The Militant (logo) 
   Vol.65/No.49            December 24, 2001 
Despite repression, Israeli rulers fail
to subdue Palestinian struggle
(front page)
The results of the Israeli bombing of Palestinian cities this past week have prompted statements by a number of government officials and columnists who both support and oppose the Palestinian cause. Many note that despite continued repression, the Israeli regime has not quelled the Palestinian struggle for self-determination and a homeland.

On December 4 Israeli prime minister Ariel Sharon ordered a series of punishing airstrikes against facilities of the Palestinian Authority (PA) and sent armored columns to occupy several Palestinian-controlled areas. The government declared the PA a "terror-supporting entity" and promised to use "all its might" to prosecute a war against the nominal Palestinian government. Hundreds were wounded and dozens killed in the attacks that have not let up.

The Israeli government used a series of suicide bombings that left 25 Israelis dead as the excuse to launch the offensive. The Bush administration, which had just sent a high-level delegation to Palestine to conduct talks with both sides, found itself in the position of being unable to openly oppose Sharon's response. The Israeli prime minister insisted that PA president Yasir Arafat round up members of the Islamic Jihad and Hamas. Arafat's security forces complied to the degree they were able, arresting around 200 people and closing the offices of the two organizations. They were unable to stop attacks on Israelis, however.

Within days, Israel suspended its airstrikes as U.S. envoy Anthony Zinni pressed for a resumption of talks. A senior Bush administration official told the Washington Post that the White House is "not going after Arafat and we haven't taken decisions or positions about Arafat as a leader. The last thing we need to see is the collapse of the whole Palestinian Authority." Asked if the United States has a "Plan B," in the event that Arafat doesn't measure up to the expectations of the U.S. and Israeli governments, the administration official reiterated his point. Arafat is "Plan A, B, C, D, and Z," he said. "We want him to do his stuff. Among the quickest ways to let him off the hook is to put out some other plan."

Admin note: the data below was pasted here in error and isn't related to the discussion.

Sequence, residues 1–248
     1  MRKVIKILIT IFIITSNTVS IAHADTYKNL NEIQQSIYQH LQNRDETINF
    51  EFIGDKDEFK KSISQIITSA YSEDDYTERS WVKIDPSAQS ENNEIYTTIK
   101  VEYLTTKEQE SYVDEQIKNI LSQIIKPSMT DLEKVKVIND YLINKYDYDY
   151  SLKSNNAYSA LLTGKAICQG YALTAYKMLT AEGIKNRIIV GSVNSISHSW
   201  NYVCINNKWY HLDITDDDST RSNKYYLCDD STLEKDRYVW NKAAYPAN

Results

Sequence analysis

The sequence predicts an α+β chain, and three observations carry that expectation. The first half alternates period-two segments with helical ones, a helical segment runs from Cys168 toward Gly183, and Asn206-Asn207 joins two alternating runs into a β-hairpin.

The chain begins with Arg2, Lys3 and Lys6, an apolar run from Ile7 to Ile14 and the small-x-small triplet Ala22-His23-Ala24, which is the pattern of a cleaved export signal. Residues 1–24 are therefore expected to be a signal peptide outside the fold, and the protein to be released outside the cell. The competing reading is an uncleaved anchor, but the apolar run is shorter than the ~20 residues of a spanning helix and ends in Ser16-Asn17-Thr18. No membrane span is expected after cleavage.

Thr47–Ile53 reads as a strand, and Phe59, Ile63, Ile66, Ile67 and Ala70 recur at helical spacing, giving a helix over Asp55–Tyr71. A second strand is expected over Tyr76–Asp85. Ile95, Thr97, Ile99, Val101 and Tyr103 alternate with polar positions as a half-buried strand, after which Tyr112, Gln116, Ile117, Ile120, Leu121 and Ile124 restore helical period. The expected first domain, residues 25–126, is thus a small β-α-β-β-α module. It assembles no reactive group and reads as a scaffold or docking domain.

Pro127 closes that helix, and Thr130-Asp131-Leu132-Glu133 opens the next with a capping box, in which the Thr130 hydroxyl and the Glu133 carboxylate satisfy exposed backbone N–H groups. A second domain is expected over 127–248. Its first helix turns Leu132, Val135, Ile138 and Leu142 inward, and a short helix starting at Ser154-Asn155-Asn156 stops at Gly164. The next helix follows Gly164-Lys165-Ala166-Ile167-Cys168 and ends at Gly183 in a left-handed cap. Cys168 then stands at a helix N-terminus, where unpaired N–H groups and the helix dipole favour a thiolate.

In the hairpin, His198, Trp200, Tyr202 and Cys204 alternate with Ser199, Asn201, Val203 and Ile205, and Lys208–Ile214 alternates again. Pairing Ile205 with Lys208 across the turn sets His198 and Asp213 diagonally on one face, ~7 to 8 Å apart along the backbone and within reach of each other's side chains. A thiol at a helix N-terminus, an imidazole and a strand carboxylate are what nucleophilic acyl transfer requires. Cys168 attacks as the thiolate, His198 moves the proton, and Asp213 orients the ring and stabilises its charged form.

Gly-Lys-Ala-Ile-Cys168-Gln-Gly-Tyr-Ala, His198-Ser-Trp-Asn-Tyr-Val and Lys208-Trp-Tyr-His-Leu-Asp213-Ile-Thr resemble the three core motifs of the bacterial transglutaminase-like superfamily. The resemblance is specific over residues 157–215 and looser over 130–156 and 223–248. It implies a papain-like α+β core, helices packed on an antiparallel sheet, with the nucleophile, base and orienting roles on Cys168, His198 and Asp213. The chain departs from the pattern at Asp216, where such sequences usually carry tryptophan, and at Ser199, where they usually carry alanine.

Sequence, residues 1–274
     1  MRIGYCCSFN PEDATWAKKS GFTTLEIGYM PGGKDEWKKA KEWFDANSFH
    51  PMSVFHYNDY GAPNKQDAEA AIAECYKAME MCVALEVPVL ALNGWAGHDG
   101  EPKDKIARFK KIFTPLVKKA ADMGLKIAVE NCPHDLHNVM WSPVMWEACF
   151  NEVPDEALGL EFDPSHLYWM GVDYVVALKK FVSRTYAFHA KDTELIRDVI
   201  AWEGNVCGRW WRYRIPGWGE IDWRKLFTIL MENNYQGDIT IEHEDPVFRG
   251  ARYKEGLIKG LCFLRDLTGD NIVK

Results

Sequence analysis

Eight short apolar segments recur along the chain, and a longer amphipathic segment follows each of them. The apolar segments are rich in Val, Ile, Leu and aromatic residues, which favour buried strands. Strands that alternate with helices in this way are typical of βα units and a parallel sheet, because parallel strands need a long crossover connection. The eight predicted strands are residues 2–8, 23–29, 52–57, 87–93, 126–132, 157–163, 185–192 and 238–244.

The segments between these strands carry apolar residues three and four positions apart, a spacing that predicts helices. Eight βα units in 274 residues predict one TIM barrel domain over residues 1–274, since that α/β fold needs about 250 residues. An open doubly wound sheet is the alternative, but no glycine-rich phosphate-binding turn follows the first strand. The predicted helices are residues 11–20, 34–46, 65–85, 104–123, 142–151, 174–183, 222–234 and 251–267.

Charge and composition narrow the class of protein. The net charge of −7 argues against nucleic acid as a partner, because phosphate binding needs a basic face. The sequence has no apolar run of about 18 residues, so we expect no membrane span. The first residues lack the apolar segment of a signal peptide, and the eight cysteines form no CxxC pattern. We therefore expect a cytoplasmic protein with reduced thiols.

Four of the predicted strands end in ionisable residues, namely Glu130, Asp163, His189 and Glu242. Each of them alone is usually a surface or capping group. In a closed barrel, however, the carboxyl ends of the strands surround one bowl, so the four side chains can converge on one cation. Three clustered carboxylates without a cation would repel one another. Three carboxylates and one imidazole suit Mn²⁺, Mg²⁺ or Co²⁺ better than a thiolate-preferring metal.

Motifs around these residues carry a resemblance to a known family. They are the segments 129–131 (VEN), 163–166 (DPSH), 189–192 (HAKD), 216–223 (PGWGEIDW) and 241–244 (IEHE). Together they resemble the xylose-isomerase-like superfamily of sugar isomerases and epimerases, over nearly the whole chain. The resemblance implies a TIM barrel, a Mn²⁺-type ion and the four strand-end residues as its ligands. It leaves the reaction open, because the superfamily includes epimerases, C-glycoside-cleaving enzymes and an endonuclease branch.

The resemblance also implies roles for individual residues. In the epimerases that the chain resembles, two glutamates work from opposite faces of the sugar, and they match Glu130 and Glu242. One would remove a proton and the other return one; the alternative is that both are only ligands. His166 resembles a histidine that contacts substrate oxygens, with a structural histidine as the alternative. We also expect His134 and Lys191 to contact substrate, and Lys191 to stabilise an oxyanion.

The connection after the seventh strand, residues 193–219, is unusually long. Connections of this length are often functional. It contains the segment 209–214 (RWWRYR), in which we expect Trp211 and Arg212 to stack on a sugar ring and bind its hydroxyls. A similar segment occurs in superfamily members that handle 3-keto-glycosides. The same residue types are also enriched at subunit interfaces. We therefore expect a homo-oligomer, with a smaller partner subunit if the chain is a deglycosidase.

Edward Abington, former U.S. consul general in Jerusalem, added, "I'm not sure there is a Plan B. That's the problem. I think we're kind of drifting toward a terrible catastrophe out there."

The Post interviewed Jordan's ambassador to the United States, Marwan Muasher, who said, "The end of the Palestinian Authority will bring chaos to the streets. And any regime that comes after that will be seen as a puppet regime."

European Union officials chimed in, stating Arafat must "convincingly and relentlessly" pursue those deemed by the Israeli government to be responsible for the attacks. They also warned Israel not to go too far in destabilizing the PA.  
Alarmed by prospect of overthrow
The Egyptian foreign minister arrived in Jerusalem December 7 for talks with Israeli leaders, following a visit to Cairo by the head of Mossad, Israel's secret police. While the foreign minister did not condemn the Israeli bombing, the Financial Times noted that he "was alarmed by the prospect that the Israeli offensive could lead to the overthrow of Mr. Arafat, a development that might further destabilize the region."

In an editorial printed the same day, the New York Times encouraged the Israeli government to "exercise restraint in its military operations" and to let Arafat "follow through on his promises to break up Hamas's terror network." Recognizing that the Palestinian Liberation Organization that Arafat chairs is not the only voice of the Palestinian people, the Times acknowledged that "Hamas has emerged as a powerful force in Palestinian-administered areas of the West Bank and Gaza Strip," and expressed concern that it is "more popular than Mr. Arafat's secular nationalist Fatah party."